Death Pans Out, Ashna Graves' debut novel introducing journalist Jeneva "Neva" Leopold, is a quiet, absorbing mystery that captures the remoteness of the high desert of Oregon in a way that complements the engaging characters and a decidedly chilling plot.
Following a double mastectomy and subsequent depression, Neva escapes to a mining cabin in eastern Oregon formerly inhabited by her uncle who disappeared 15 years ago. The remoteness of the region and minimal conveniences of modern living have a startling effect on Neva: she rapidly recovers from her depression and her long walks around the area have rejuvenated her body.
Meeting up with some of the local residents and discussing their lives stirs up her journalistic instincts. She begins by investigating the circumstances surrounding the disappearance of her uncle. How could someone who knew the area so well have completely vanished? The recent murder of a young miner and another gone missing don't seem related to her in any way; men had always killed for gold, she says. Yet the mysterious appearances in the middle of the night of a truck rumbling along the old mining roads are hardly coincidental and suggest there may be something more sinister happening than anyone is aware of.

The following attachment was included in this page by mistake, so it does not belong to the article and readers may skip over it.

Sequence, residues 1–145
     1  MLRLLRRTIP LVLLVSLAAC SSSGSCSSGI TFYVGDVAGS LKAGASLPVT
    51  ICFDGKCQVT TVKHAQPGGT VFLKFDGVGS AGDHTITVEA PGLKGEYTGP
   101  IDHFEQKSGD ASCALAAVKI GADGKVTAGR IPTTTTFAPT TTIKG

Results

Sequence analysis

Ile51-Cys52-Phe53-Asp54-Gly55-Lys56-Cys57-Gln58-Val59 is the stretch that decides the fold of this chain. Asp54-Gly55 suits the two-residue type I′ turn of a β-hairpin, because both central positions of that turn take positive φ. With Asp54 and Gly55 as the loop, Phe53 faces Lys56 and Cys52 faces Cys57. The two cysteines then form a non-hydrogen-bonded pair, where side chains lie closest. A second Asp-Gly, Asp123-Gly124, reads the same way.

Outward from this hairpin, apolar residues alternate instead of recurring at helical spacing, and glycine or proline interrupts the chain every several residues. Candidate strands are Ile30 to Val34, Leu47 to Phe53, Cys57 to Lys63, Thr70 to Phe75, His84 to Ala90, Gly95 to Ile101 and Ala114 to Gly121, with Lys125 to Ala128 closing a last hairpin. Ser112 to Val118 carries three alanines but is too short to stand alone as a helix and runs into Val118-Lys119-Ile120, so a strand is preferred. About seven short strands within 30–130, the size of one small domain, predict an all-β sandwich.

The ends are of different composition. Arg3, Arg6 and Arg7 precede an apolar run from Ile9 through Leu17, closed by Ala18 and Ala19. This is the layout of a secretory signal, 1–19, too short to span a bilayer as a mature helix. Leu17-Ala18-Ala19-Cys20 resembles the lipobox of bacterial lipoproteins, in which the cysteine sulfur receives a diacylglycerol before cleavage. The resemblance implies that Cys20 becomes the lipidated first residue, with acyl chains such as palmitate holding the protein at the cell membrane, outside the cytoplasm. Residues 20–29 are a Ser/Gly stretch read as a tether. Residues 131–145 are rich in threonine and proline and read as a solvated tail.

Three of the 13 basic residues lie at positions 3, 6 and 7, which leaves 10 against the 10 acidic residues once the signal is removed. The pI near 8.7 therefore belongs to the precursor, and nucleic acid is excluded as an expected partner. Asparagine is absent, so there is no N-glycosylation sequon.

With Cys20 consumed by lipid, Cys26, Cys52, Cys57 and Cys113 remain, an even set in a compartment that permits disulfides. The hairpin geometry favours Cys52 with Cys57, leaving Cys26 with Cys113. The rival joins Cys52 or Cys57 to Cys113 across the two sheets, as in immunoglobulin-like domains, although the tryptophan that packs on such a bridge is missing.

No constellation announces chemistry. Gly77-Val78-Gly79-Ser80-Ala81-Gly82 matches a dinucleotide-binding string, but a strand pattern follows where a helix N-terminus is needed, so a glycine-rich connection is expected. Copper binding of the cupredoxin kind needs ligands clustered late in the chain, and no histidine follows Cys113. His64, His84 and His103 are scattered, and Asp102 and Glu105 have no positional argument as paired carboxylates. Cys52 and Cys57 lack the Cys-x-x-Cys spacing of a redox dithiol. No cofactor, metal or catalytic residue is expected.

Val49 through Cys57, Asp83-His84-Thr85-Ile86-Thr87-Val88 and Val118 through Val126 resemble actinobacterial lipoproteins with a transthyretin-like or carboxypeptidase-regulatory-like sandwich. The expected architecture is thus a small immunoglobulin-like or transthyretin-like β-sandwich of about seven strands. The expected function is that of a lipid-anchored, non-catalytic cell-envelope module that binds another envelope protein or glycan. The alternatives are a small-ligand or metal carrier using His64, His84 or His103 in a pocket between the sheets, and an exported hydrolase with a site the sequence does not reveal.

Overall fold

The mystery is terrific and the characters are colorful and well drawn. But the real appeal of Death Pans Out is in the way Graves captures the imagination of the reader with her descriptions of the region and Neva's exploration of it. There isn't a lot of dialog; Neva spends most of her time alone. But she is hardly lonely. Her joy at discovering her new environment and her recovery in it is expressed with an inspired and eloquent narrative. Following the resolution of the mystery, the conclusion is both poignant and appropriate.
As a stand-alone effort, Death Pans Out is wonderfully complete. However, it would be even better if Graves brings the captivating Neva back for a subsequent mystery.